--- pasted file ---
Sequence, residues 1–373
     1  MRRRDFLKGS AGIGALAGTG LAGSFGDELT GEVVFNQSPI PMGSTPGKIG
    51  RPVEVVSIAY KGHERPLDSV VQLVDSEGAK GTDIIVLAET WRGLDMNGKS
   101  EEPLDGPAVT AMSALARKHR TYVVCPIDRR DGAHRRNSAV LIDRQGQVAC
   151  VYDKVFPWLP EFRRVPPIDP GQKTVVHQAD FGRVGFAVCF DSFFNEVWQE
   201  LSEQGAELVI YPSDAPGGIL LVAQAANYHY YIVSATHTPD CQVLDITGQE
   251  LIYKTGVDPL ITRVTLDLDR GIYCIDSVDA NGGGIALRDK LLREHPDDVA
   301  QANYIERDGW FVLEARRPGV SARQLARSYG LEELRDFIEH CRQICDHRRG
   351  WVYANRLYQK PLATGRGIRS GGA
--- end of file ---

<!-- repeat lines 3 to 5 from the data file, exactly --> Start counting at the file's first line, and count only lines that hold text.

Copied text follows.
    51  RPVEVVSIAY KGHERPLDSV VQLVDSEGAK GTDIIVLAET WRGLDMNGKS
   101  EEPLDGPAVT AMSALARKHR TYVVCPIDRR DGAHRRNSAV LIDRQGQVAC
   151  VYDKVFPWLP EFRRVPPIDP GQKTVVHQAD FGRVGFAVCF DSFFNEVWQE